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CHICAGO • The weekend that could come to decide the season didn’t waste much time before it reflected it.
The Cardinals inched into an early lead against their rival Chicago Cubs on Thursday night at Wrigley Field. But in a cloud of familiar errors and another runaway inning against starter Carlos Martinez, the lead, the game, and the good vibes for a fresh starts became just another loss to the Cubs.
Ian Happ homered as part of a five-run fifth inning against Martinez and the hosts remained ahead, winning, 9-6.
The teams have four more games this weekend.
The clock is ticking on the Cardinals to make their move.
Yadier Molina tied a career high with four hits for the 18th time, and he was a part of two rallies that helped the Cardinals to a 3-1 lead through 4 1/2 innings. Fresh from the All-Star Game, Molina singled and scored in the first inning. He doubled after Tommy Pham’s solo homer in the second inning, and in the fifth inning Molina singled and scored on Kolten Wong’s RBI single.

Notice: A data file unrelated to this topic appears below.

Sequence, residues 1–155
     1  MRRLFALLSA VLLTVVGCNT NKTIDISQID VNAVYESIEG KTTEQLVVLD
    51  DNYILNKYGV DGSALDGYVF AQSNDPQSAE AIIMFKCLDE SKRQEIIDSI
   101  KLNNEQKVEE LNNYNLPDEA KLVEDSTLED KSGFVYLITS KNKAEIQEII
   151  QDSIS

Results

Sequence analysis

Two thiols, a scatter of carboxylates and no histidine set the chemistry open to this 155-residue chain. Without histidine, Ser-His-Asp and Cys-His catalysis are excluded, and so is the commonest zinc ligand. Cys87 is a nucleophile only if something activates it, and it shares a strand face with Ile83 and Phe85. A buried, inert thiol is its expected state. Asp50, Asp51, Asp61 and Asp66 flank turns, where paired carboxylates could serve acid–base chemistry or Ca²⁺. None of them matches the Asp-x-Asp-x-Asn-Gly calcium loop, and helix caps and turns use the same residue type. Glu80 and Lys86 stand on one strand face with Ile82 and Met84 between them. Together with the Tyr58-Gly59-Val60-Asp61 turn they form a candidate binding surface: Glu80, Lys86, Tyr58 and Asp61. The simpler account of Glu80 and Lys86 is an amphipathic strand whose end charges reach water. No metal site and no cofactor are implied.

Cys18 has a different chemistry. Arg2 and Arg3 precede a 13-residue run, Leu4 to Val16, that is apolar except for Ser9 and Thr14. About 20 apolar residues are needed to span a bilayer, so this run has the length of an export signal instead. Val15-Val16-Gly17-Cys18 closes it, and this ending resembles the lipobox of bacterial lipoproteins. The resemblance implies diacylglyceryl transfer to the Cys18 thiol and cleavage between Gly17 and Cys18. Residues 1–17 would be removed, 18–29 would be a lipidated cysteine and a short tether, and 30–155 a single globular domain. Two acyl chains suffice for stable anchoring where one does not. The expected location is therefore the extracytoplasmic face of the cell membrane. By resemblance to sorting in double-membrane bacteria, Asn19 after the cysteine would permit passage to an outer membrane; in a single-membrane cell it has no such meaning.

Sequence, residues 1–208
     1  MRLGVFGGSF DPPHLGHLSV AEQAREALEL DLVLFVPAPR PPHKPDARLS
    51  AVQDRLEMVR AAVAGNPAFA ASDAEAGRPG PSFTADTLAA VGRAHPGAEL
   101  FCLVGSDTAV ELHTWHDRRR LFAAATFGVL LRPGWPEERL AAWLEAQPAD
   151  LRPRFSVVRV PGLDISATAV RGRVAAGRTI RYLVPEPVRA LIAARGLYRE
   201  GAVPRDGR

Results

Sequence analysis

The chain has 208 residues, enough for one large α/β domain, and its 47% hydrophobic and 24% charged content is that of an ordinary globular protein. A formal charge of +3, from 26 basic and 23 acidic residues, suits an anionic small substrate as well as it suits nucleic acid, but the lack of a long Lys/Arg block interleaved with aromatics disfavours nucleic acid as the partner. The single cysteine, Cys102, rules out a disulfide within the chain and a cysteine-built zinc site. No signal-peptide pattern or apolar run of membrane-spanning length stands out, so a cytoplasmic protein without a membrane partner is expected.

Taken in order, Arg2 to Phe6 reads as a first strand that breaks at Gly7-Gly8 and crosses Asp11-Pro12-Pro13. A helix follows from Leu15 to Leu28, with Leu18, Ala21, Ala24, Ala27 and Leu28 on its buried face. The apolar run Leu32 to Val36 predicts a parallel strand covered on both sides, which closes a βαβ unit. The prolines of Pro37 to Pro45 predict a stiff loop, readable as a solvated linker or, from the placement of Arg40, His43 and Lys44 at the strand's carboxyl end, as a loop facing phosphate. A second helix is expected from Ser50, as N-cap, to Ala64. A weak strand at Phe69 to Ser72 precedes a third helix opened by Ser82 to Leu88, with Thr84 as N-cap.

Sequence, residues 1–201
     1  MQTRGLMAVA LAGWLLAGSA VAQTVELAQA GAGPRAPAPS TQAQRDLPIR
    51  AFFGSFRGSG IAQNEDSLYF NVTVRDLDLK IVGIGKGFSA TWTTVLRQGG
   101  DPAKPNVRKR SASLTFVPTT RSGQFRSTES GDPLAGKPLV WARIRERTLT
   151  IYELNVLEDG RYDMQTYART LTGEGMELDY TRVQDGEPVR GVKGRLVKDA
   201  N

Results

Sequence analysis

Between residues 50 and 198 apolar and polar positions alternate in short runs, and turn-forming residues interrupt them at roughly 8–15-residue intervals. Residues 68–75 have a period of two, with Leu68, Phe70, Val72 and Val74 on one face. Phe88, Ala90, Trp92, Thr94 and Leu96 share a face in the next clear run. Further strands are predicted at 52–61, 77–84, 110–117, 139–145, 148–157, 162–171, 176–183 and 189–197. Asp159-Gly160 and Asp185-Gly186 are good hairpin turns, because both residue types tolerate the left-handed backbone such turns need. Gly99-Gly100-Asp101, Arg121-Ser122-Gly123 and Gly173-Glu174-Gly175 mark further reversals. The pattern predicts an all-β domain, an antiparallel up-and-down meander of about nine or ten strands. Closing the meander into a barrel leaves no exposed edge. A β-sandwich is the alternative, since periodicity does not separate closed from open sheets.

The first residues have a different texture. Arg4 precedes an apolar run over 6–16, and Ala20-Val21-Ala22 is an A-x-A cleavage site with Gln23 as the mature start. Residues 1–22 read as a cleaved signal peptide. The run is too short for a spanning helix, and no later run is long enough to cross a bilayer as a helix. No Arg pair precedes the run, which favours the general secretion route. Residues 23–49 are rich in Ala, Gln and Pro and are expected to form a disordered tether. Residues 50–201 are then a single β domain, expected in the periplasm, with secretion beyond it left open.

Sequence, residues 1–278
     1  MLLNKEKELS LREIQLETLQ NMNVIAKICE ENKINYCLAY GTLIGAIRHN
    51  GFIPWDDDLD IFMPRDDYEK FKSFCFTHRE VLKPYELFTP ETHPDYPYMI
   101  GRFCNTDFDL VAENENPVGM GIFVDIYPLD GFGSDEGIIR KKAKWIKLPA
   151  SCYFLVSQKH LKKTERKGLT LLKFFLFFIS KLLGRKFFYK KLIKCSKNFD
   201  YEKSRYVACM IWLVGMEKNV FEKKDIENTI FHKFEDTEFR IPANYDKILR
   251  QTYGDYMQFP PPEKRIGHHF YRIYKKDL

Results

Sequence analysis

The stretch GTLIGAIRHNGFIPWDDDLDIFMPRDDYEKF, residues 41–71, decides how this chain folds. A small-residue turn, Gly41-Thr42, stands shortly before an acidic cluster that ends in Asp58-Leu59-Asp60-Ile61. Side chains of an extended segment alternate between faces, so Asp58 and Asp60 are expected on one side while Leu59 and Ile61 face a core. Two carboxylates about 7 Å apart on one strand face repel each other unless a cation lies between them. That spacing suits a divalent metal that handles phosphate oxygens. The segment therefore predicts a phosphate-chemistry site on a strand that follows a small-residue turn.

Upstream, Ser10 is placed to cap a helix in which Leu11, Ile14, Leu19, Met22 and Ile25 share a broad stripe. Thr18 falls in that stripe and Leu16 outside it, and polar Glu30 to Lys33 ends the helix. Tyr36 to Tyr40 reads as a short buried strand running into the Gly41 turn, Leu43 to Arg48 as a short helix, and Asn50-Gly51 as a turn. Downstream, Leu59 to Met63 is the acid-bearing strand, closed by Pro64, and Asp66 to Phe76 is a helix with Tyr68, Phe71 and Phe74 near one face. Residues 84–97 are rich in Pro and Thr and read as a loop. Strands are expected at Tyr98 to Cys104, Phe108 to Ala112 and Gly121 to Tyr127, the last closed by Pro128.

That five-inning labor to build a lead was vaporized in one inning.
Martinez (6-6) dialed back his velocity in the fifth inning and threw only two pitches at 90 mph or greater in his first 18 pitches. All of those off-speed offerings caught up to him with five hits in the inning. Two of those hits were extra-base thumps, including an RBI double by Anthony Rizzo and Happ’s three-run homer.
Happ did not see a fastball in his at-bat that netted a homer.
An error by Paul DeJong, the first of his two, ignited the inning but did not prolong it.
Martinez allowed six runs (five earned) on seven hits through five innings. He struck out only two batters — and his velocity oscillated from inning to inning, perhaps on purpose. He’ll be asked about that after the game.